Monday, December 24, 2007

2007 Bonnes XMas Letter - Little Risks

“Risk! Risk anything! Care no more for the opinions of others, for those voices. Do the hardest thing on earth for you.”
- Katherine Mansfield
“We took risks. We knew we took them. Things have come out against us. We have no cause for complaint.”
- Robert Falcon Scott, as found in his diary after his party froze in Antarctica

Minnesota has felt a bit like Antarctica this December, with snow and bitter temperatures, but things have gone quite a bit better for us than for Scott and his crew, who were trying to be the first to make it to the South Pole. They did make it, but when they arrived they found out that someone had beat them by a month. And then they all froze to death on the way back. So this year’s letter is about little risks. Big enough so life is worth living, but small enough so you don’t freeze to death.

We’ll start with the kids, because - let’s face it - childhood is all about little risks. It’s why, despite all the pains, we all yearn to be young again. (Oh, plus we would be attractive, full of potential and feel good all the time. So that would be kind of nice. Apropos of nothing, The Voice of Reason™ and I turned forty this year. Can you tell?)

The Chatty Chatty Princess™, who is in fifth grade, seemingly likes taking risks on writing assignments. Sometime that means tackling papers using a creative style, but usually it just means procrastinating. She’s also discovering sports, even playing soccer with the boys at recess. And she’s learning a little bit about toughness as a school patrol person this winter. (She has yet to freeze to death.) She’s also tall, prone to drama and thinks she’s a little overscheduled.

The Boy™, who is in second grade, has areas in which he likes to take risks, too. For instance, he regularly risks giving wrong answers on math assignments so he can play “Stump the Volunteer Grader.” (Q: What’s 10-5? A: 1/12 divided by 1/60). He’s also becoming comfortable with the naked aggression of chess tournaments, even bringing home a couple of trophies. He also thinks he’s overscheduled, and mostly wants to play Pokemon 24/7 on his Nintendo DS.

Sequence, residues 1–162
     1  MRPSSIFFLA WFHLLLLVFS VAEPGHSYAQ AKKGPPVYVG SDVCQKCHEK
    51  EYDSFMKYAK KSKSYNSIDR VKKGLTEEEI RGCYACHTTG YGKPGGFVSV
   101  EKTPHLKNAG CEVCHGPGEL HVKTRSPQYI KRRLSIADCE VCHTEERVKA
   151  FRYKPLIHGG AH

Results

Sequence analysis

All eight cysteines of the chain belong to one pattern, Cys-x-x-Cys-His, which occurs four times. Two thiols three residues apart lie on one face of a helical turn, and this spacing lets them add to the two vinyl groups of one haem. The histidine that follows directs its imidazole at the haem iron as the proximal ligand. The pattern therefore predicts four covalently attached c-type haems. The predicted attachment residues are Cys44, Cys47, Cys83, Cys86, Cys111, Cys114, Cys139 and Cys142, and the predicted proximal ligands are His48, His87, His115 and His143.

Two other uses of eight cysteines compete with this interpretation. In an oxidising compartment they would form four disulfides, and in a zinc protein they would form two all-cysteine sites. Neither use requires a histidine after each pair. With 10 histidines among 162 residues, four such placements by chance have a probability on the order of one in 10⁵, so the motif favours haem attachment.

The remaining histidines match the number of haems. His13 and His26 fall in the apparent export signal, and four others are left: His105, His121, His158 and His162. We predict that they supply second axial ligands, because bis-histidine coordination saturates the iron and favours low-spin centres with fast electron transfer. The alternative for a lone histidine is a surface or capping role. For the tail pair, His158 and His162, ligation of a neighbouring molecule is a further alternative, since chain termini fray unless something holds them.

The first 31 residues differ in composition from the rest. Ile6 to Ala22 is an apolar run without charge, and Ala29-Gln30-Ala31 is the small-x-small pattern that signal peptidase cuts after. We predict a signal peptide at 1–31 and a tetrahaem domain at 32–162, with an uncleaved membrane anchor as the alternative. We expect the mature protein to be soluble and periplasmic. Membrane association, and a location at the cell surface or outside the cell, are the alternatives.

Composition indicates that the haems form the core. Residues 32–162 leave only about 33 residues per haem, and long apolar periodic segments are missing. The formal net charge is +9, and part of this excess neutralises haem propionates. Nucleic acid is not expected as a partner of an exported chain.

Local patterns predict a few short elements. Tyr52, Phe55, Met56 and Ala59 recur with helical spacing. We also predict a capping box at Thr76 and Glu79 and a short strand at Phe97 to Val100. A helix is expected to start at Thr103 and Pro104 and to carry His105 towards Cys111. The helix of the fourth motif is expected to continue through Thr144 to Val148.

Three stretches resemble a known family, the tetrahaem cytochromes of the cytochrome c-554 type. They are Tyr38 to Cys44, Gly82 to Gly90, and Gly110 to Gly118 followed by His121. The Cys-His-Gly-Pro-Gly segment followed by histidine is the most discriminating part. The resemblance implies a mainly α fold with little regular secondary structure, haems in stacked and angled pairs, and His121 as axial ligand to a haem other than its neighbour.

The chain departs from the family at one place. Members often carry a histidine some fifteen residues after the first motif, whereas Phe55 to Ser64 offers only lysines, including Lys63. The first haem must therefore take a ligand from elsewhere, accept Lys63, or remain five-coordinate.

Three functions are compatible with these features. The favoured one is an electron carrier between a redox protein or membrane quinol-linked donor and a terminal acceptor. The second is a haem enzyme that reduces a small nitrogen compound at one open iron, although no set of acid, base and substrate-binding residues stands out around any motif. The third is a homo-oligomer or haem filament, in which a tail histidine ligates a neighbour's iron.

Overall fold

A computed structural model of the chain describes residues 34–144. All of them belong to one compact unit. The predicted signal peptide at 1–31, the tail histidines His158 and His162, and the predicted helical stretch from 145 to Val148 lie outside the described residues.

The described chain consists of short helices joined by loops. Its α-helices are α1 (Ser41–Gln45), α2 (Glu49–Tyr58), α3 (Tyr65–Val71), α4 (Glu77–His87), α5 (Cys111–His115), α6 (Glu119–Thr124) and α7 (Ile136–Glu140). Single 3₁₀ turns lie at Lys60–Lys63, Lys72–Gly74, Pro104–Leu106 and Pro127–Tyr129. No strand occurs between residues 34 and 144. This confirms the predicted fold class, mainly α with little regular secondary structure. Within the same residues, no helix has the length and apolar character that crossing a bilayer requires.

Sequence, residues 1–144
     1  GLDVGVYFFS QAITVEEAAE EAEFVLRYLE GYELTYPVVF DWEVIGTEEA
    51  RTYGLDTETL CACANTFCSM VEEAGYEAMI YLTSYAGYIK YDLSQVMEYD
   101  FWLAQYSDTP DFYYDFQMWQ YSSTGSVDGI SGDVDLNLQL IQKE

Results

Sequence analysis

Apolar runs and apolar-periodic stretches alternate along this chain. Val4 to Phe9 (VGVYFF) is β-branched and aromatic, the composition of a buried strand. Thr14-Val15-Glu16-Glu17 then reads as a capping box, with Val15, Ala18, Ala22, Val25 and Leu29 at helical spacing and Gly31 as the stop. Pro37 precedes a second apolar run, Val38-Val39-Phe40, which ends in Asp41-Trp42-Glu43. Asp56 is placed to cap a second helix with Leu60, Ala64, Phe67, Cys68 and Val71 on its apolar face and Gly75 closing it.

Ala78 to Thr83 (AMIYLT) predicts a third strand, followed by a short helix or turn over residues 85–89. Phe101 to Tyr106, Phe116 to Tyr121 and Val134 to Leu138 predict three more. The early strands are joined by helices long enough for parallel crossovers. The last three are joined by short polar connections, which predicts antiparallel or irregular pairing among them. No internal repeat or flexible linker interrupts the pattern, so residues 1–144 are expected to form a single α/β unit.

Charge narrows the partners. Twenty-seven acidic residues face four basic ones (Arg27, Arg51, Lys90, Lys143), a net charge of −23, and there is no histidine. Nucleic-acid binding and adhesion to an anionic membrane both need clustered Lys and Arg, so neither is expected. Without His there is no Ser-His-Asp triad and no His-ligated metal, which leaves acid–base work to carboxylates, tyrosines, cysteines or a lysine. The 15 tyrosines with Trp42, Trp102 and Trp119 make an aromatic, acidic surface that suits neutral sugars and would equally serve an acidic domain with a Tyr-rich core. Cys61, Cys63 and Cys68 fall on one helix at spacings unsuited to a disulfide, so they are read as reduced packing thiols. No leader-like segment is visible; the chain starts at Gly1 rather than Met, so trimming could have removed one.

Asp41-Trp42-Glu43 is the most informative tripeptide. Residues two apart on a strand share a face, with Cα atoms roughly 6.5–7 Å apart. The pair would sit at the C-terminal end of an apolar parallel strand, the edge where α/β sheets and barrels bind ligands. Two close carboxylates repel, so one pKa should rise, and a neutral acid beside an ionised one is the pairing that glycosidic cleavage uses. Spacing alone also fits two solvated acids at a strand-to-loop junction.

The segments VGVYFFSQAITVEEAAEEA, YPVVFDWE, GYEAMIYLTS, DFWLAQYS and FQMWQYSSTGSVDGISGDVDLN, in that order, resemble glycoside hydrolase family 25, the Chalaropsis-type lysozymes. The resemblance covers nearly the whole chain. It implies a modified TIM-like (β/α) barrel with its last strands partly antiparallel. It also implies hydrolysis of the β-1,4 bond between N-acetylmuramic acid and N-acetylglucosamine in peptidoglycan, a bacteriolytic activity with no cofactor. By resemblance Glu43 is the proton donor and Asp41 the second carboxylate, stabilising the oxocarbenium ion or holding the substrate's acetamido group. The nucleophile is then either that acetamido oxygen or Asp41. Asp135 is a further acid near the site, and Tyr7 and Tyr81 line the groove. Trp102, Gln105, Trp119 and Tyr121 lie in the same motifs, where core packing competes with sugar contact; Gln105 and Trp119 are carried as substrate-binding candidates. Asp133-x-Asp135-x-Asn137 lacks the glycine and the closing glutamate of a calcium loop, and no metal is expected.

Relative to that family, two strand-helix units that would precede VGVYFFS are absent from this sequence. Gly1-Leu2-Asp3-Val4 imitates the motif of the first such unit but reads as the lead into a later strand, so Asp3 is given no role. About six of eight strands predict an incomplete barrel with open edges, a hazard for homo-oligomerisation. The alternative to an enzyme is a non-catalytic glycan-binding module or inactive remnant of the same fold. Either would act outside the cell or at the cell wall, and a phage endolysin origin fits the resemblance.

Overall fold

The apartment building we bought last year got into the risk thing too, when the furnace conked out. In the middle of February. On a weekend. During a blizzard. (And again, the freezing to death theme returns.) Other than that, owning it has gone pretty well, save for the time TVOR had to dispose of a flattened bunny carcass in August with a snow shovel. Neither the bunny nor the shovel was ever heard from again.

Besides running point on the apartment, TVORe was busy running the Girl Scout troop’s cookie campaign. She also finished her term as PTA secretary and has tried to cut down on her volunteering for the school. It isn’t clear she’s had a lot of success in that last effort.

I'm back to independent consulting, and that’s a little risk that I won’t be abandoning soon. If anything, I'm looking for some other crazy risks, almost wishing I was unemployed. TVOR should occasionally remind me of Robert Falcon Scott.

Our vacations involved some little risks. We loosed 20 friends (including my brother Jeff, who flew in from Australia) on Vegas in March. As if that wasn’t risky enough, they braved going to a Barry Manilow concert. Take that, Scott. And this summer we took the kids for our first summer car trip, though we only went as far as Chicago. TCCP and I braved the enormous Ferris Wheel on Navy Pier. TVOR stayed on the ground as The Boy™ explained “If they die, when I get to heaven, I’m gonna say ‘I told you so.’”

But we think even he would hope this holiday season finds you well. I'll be taking a short hiatus this week, unless of course a huge move is made, in which case I 'll do my best to post. will also not be updated for awhile, but you can still use the RSS feed on he bottom to monitor all the other posts in the blogosphere.

In the meantime, enjoy the week with your friends and families. And, of course, do your best to stay safe and warm. We don't want anyone to freeze to death.